SUNY Council on Writing Conference (CoW) 2018
Call for Proposals
Theme: Why Writing Matters: Articulating the Value of Writing to Students, Administrators, and Faculty From Across the Disciplines
Dates: Friday, October 19 and Saturday, October 20, 2018
Location: Farmingdale State College, Farmingdale, NY
Submission Deadline: June 1, 2018
Call for Chapters:
Access, Control, and Dissemination in Digital Humanities
(Edited book for Routledge)
Jill Carroll, writing for the Chronicle of Higher Education, argues that all instructors use a “teaching persona,” even those who unconsciously adopt what she calls a “default” persona. “If it [the default persona] works for you, consider yourself lucky,” she writes, “but if it doesn’t, the results can be messy.” This panel intends to address our teaching personae, and asks that participants consider the following questions (or any other questions that seem relevant to the issue at hand):
-Do you purposefully craft a persona for yourself, and if so, how have you gone about it?
-If at multiple universities, do you sample different approaches or personas?
-Who or what are your influences?
Over the last twenty years, a new form of career counselling practice has emerged, one that Mark Savickas (Career Counselling, 2011) refers to as career construction theory. Where earlier forms of vocational guidance utilised aptitude tests, statistical profiling and other forms of quantitative analysis, career construction takes a far more qualitative approach to employment counselling. By encouraging clients to see their careers as stories of which they are both the metaphorical authors and the main protagonists, career construction counsellors enable them to envisage the next chapter in those stories.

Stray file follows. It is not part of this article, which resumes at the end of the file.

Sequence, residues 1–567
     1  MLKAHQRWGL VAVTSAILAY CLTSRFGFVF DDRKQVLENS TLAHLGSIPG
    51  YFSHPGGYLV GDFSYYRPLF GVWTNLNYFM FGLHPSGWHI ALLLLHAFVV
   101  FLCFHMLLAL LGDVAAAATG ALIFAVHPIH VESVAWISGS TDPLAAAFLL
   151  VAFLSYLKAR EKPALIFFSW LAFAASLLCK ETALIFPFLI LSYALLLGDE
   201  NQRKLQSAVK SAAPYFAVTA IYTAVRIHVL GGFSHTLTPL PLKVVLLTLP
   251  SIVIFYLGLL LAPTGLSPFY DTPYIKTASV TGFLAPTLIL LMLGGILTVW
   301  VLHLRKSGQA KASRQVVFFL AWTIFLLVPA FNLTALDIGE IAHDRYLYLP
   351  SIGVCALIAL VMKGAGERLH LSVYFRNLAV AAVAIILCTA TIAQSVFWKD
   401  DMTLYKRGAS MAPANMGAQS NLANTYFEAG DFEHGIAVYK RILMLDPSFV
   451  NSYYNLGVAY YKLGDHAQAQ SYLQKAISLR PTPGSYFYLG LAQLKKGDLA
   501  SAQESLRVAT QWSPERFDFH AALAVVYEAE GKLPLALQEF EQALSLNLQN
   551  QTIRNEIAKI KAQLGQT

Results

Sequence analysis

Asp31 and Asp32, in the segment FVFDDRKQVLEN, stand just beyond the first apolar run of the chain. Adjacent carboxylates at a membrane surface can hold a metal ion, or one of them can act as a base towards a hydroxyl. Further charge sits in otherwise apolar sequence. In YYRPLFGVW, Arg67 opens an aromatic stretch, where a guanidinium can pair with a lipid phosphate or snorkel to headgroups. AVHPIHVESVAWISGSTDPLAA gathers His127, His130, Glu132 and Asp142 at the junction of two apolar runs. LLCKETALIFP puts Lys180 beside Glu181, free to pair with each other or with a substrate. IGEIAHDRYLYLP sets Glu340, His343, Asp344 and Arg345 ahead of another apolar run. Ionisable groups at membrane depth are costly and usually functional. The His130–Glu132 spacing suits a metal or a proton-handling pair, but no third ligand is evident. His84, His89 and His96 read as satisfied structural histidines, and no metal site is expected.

This panel explores the ways anxiety shapes, fuels, disrupts, and/or redirects our scholarship and our interactions with texts. Please send 300-word abstracts by March 15 to afw47 at cornell.edu.
The South Central Modern Language Association Technology in the Classroom session is currently searching for conference papers that discuss utilizing technology while teaching. Papers on any related topic will be considered for the session taking place during SCMLA's 75th Annual Conference in San Antonio, Texas from October 11-14, 2018.
My Victorian Novel
Isobel Armstrong has lamented that the way we teach the Victorian novel, with enthusiasm and delight, is so different from the way we criticize it. I wonder if this is also partially true about the way we really read and experience Victorian novels, if there is a Wemmick-like division between the absorbed and happy reader, cozy and contented in the Castle, and the buttoned-up professor at the lectern or the laptop. Rereading Victorian fiction over time, for our classes or our scholarship, must at some level involve a relaxation of feeling, the evocation of memories, psychic immersion, and moral engagement––alongside critical distance, objectivity, or suspicion.
Major civilizations of the world – Indian and Greek – based their models of education on inter-relatedness of various disciplines. However, with the focus on specialization and technology, liberal arts suffered at the expense of science and technology. But recently the discipline of Liberal arts and Human sciences has attained an unprecedented popularity in various Universities all over the world. The present world of the 21st century is strongly underpinned by rapid developments in the field of science and technology and accompanied by the ever-spreading roots of a global economy. The question then arises as to what role liberal education can play in the world mired in technological innovations spawned by globalization.
Creativity for Success and Personal Growth for Librarians
Book Publisher: McFarland
Vera Gubnitskaia, co-editor, Library Partnerships with Writers and Poets (McFarland, 2017); public, academic librarian, indexer.
Carol Smallwood, co-editor, Gender Studies in the Library (McFarland, 2017); public library administrator, special, school librarian.